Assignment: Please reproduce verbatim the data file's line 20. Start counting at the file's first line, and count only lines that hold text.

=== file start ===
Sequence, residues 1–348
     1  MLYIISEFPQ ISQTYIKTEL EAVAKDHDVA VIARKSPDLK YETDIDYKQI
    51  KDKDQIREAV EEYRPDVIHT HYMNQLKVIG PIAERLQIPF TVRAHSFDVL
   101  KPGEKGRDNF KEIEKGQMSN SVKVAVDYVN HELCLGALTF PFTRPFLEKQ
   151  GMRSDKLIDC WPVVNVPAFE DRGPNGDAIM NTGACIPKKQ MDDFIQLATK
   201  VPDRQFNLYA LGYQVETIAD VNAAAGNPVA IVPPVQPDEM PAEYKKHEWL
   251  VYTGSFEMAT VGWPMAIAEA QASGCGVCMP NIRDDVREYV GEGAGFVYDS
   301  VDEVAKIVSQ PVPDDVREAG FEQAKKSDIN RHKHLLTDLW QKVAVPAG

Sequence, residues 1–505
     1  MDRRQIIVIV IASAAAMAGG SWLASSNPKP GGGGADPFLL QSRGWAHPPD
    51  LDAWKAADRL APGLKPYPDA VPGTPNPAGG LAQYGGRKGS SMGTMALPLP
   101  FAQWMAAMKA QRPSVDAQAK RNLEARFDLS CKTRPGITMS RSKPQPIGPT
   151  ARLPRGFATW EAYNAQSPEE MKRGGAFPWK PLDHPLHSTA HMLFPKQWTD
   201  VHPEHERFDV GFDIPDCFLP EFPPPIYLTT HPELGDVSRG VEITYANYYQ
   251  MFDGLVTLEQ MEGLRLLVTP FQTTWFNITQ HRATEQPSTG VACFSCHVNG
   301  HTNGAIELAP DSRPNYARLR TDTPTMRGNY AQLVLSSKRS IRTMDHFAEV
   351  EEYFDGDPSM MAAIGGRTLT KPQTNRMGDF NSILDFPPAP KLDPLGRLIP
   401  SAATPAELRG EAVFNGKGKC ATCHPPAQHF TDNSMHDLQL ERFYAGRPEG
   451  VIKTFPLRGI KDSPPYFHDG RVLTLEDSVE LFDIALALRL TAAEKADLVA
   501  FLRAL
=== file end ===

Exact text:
   501  FLRAL